The Jewish Longing for Jerusalem

By the rivers of Babylon we sat and wept when we remembered Zion…if I forget thee O Jerusalem, may my right hand forget it’s cunning” — Psalm 137:1,5

This psalm expresses the Jewish longing for Jerusalem and the Land of Promise. Written during the Babylonian captivity it, history has made it an enduring cry of the Jewish soul.

For centuries, the cry “Next Year in Jerusalem” uttered on holidays, and the glass crushed at every Jewish wedding has served as a reminder of the psalm’s admonition to “put Jerusalem above one’s chief joy”.  Even the most joyous occasions in Jewish life had an element of sadness incorporated to remind the Jewish people that they were still in exile and that their temple and homeland had been taken from them.

To fully understand the impact of exile and the longing for Zion, we must review a brief history of the Jewish diaspora.

After seventy long years in Babylon, Israel returned as prophesied. Yet, the ability to live in freedom and to follow God’s commands alluded the Jews, even as they lived in their own land.  First the Greeks under Alexander the Great and Antiochus IV, and then the Romans under the Caesars swept across the Land of Promise. After the failed revolts of CE 70 and 135, the exile the Jewish people experienced would make the Babylonian Captivity look short and insignificant by comparison. The Jews were scattered across the globe to endure almost 2,000 years of wandering and persecution. They were driven from country after country and persecuted and killed along the way. From the Crusades to the Spanish Inquisition, to the Russian Pogroms, the Jews were often seen as outsiders and foreigners who did not belong to whatever country they found themselves in.

Often distrusted and persecuted, the Jewish people sought refuge anywhere that their beliefs and presence would be tolerated. After centuries, Poland and Belarus seemed to be the safest part of Europe with tolerant kings under whom, the Jewish people were able to prosper and live in relative peace. Gradually these areas were absorbed into the Russian Empire. Then came the greatest persecution of all, the Holocaust. The once thriving Jewish communities of Eastern Europe were almost totally obliterated.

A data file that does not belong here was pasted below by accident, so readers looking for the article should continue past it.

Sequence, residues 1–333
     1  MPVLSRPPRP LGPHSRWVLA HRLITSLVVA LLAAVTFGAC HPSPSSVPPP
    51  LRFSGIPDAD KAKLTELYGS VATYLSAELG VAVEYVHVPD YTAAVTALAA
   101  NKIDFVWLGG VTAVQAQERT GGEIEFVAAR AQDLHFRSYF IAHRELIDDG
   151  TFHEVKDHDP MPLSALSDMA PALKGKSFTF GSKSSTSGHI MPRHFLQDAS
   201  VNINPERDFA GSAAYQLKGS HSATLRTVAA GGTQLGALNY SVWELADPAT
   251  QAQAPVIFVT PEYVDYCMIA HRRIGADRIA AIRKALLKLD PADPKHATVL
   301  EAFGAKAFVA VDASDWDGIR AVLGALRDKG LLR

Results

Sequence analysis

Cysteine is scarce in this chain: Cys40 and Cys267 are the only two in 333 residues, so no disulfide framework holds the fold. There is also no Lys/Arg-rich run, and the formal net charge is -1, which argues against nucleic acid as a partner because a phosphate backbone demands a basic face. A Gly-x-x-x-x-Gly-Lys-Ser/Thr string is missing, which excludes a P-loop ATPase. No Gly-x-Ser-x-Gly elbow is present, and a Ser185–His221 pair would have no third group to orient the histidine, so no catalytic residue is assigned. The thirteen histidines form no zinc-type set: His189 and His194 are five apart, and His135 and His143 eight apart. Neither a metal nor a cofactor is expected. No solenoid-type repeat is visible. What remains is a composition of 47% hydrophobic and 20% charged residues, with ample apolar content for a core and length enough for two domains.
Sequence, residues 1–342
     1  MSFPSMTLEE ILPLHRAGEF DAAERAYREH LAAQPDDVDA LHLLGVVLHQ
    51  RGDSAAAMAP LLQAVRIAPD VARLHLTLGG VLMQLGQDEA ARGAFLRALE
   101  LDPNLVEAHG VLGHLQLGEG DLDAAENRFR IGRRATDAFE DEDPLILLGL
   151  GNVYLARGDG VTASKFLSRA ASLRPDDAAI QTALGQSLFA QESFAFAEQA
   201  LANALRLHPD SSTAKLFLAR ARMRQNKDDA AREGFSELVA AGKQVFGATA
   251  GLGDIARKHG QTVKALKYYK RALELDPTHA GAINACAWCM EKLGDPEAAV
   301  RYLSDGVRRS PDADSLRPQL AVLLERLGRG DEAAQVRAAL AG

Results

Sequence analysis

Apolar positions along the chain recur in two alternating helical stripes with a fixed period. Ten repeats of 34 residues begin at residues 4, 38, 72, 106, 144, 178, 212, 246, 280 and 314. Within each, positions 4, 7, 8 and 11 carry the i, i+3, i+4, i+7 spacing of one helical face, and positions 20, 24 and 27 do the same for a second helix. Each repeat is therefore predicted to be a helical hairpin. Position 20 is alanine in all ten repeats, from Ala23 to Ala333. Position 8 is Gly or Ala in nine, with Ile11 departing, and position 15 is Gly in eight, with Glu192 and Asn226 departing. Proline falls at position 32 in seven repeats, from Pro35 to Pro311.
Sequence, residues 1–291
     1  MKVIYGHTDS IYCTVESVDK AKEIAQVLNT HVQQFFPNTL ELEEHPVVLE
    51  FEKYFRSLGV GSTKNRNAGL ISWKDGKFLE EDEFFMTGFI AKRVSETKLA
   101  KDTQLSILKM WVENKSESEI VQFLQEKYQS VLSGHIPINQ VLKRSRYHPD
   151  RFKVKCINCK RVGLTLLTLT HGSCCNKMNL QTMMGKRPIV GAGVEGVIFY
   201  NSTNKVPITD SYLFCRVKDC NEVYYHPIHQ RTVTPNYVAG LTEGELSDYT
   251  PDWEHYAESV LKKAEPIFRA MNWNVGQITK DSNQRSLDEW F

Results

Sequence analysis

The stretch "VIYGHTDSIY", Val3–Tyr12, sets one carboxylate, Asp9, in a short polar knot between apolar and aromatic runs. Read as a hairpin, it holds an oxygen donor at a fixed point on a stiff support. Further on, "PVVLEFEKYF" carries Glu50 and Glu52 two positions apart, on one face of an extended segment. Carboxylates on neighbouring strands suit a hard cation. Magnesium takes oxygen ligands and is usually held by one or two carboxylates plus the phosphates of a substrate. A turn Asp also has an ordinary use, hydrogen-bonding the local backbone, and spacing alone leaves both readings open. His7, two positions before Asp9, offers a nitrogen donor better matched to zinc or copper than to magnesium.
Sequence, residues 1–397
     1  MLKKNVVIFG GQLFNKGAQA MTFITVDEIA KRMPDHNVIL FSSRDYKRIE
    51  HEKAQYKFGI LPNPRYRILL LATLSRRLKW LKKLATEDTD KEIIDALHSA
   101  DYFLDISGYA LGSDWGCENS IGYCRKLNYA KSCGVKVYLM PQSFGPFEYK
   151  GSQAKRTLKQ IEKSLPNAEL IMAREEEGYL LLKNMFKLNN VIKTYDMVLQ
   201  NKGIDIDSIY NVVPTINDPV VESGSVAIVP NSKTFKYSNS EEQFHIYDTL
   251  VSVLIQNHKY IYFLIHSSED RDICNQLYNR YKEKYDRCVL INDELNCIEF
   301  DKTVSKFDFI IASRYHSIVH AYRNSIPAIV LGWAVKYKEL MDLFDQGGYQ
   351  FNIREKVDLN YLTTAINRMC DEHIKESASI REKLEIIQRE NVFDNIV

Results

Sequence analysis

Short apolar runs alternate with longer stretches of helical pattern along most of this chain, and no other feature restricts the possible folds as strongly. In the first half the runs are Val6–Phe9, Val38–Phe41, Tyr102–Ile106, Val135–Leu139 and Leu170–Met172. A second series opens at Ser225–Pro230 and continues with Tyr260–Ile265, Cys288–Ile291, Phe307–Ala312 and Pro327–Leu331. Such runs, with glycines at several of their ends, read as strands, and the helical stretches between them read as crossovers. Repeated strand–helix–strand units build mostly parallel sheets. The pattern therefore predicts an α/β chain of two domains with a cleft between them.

It is often said, that the State of Israel arose from the ashes of the Holocaust. Although this statement may be true, we cannot forget it is out of the diaspora of two thousand years of exile that the hope for Israel blossomed.

During the first Zionist conference, held in 1897 along the Rhein River in Basel Switzerland, one delegate looked back at this psalm and the Babylonian captivity and stated “on the rivers of Babylon, we sat and wept when we remembered Zion. On the river of Basel, we now sit and resolve: we will weep no more”.

Indeed, when the state of Israel was born, the national anthem reminds every Israeli what the nation represents.

Our hope is not yet lost, The hope two thousand years old, To be a free nation in our land, The land of Zion and Jerusalem”.

Today, Israel stands as a reminder of that hope. The hope firmly founded on the promise and faithfulness of God.

“…Thus says the Lord GOD: Behold, I will take the people of Israel from the nations among which they have gone, and will gather them from all around, and bring them to their own land.” — Ezekiel 37:21

Even as Anti-Semitism is on the rise worldwide, the Land of Promise is once again home to the People of Israel.

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